It’s autumn when the letter finds them. The peripatetic life of a rogue cultivator (and husband) means that communication can be a little hit and miss, but there are inns that they stop in regularly on their travels, where the landlords know to keep messages for them, and where their friends know they can, eventually, be reached. Changze watches his wife’s face light up when she recognises the calligraphy; he smiles as she throws herself down to tear open the letter while he pours the tea, and then he watches her smile fade and her eyes narrow as she reads the body of the letter.
When she looks up at him, he’s already resigning himself ruefully to the thought that they won’t be taking a well-deserved break to recuperate from their latest adventures after all. Still, hopefully he can count on at least one night under a proper roof, with access to hot water and someone else’s cooking.
She nods, sharp and short, and hands him the letter. Changze’s eyes dart to the signature first - Bai Sichun. He remembers the scandal, although he wasn’t familiar with the details, because it was (although he never learned exactly why) what precipitated Cangse’s final argument with Jiang Fengmian, and their departure from Lotus Pier under a cloud. Murder was usually punished with execution, but somehow or other the Lan Clan seemed to have been willing to accept the woman who killed one of their most respected elders into the Clan as the wife of the Lan Sect heir. He knows that she and Cangse were friends, at Gusu - there are few enough female cultivators, let alone female cultivators who choose this dangerous life despite not having the backing of a powerful Sect or Clan, so it’s unsurprising that they took to one another.
He isn’t sure entirely what happened after Cangse left Gusu, though, to cause her friend to commit a murder. Cangse has never spoken about it, although he’s sure she knows; the Lans were characteristically close-mouthed about the whole affair, and eventually gossip had dried up for lack of sources. It was - what, four, five years ago? News of the murder and its consequences reached Lotus Pier a few weeks after the events; the first Changze knew about it was when the sound of clashing metal and upraised voices brought him running to find Cangse and Fengmian with swords drawn fighting in the middle of the pier like they meant it; or Cangse, at least, seemed to mean it. Jiang Fengmian had never been angry with her in his life, as far as Changze could make out, even when she pointedly ignored his increasingly unsubtle hints that she could become Madam Jiang if she felt so inclined. She bested him in the fight, of course, as she usually did, but this time when she had her sword at Jiang Fengmian’s throat, Changze had honestly thought for one terrifying moment that she was going to kill him. He’d never seen such an expression on her face before. He still isn’t sure whether it was his voice begging her to put the sword down that stopped her, or whether he was imagining the murderous rage in the first place - but certainly that was the end of all friendly relations between Cangse Sanren and Lotus Pier.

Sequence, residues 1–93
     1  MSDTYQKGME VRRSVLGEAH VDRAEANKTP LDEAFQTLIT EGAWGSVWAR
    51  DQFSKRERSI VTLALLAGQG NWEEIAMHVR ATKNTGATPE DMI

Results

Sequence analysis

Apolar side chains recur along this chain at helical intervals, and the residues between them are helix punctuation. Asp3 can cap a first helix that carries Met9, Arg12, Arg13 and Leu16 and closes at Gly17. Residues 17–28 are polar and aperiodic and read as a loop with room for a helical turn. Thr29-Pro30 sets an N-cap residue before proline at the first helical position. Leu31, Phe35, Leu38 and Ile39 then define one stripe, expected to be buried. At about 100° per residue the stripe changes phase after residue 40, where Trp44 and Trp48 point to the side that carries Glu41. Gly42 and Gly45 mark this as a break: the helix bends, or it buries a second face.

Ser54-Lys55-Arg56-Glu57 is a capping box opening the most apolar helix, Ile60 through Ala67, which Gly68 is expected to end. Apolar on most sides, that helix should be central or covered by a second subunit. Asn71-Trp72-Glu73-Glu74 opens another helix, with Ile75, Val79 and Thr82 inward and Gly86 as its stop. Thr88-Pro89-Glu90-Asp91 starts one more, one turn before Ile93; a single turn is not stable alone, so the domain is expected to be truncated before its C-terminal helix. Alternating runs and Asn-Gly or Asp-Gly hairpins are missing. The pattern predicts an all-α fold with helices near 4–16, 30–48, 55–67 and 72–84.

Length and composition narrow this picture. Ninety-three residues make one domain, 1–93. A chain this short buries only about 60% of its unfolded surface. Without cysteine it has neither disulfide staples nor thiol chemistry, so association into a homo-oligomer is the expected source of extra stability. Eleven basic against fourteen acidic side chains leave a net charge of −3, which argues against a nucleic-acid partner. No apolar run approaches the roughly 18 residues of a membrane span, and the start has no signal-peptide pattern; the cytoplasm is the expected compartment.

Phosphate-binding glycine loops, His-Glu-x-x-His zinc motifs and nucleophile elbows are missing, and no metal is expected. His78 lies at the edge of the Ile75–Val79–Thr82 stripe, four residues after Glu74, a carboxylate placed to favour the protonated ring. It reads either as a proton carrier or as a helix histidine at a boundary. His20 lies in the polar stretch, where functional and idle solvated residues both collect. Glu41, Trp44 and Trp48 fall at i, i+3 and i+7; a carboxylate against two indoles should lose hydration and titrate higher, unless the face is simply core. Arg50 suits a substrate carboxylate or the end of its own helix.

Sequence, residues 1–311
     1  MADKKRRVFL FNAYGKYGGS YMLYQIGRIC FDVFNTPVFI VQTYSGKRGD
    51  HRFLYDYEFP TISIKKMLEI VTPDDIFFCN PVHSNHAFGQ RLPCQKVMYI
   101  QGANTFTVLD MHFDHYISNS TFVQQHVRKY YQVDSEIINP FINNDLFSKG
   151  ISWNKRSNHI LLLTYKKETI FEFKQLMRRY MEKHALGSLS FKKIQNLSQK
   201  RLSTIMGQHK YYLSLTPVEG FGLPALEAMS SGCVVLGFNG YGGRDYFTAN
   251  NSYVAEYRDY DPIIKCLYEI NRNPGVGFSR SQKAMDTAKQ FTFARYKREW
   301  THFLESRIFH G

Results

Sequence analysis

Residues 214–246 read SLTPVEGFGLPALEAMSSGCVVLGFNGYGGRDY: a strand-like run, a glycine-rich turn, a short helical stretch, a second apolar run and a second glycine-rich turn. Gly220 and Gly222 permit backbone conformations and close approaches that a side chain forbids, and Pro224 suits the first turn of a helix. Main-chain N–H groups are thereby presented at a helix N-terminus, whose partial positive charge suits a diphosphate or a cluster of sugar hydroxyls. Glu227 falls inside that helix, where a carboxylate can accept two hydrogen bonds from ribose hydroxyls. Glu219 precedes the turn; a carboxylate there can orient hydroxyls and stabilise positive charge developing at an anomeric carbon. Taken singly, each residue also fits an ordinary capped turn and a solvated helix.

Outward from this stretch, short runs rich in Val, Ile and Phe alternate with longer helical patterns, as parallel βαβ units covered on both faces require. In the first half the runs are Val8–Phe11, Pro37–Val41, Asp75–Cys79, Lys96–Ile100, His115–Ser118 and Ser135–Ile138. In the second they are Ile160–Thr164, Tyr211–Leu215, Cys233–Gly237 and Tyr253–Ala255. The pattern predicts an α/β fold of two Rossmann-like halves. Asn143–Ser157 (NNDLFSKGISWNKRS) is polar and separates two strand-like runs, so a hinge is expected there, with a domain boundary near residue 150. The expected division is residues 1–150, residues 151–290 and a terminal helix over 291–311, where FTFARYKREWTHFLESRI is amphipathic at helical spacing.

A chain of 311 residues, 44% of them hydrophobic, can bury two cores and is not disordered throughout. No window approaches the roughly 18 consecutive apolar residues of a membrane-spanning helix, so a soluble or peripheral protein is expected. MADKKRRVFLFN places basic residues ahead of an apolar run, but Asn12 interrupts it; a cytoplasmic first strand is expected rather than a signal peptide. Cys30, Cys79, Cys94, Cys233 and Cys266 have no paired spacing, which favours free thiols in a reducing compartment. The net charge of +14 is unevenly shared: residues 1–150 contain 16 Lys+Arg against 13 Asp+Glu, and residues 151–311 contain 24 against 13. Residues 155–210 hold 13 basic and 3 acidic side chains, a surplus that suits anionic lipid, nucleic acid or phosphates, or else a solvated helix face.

She left that same evening, declaring herself a rogue cultivator, and it was this that had pushed Changze into finally speaking up about his feelings before it was too late. He really hadn’t expected her to say yes.
“We’re going to Gusu,” Cangse says now, tightly.
Changze bites his lip. He isn’t going to tell his wife what to do, because he isn’t stark staring mad, but he knows that look, and there are only two of them - and he isn’t going to be very much use fighting against the amassed Lan Clan, if it comes to that.
“Because Bai Sichun is pregnant again?” he says, cautiously. He can’t help glancing down at his wife’s belly; she isn’t showing to the point that strangers notice it, but they think it’s been three months now.
“Because she’s pregnant again,” agrees Cangse in a flat voice. She sounds like she’s announcing that her friend has a fatal illness. He’s missing something.
“You look like she’s sharing bad news, love,” he says. “Isn’t this good news?”
Cangse’s nostrils flare, and she draws a deep breath. “This is not my secret to discuss,” she says, her voice unsteady - and nobody has ever accused Cangse Sanren of an excess of discretion, so it really must be something serious.
“But you think she needs you?”
“She needs someone; she wrote to me. She needs rescuing.”
Changze’s eyes widen. “Rescuing.” The letter definitely did not say anything about rescuing.
He nods slowly, rubbing at the stubble on his chin. “Rescuing it is, then,” he says, and is rewarded with that blinding smile that drove him to turn his back on his lord and his home and follow her into the wilderness. "Can we get a hot bath first, love?"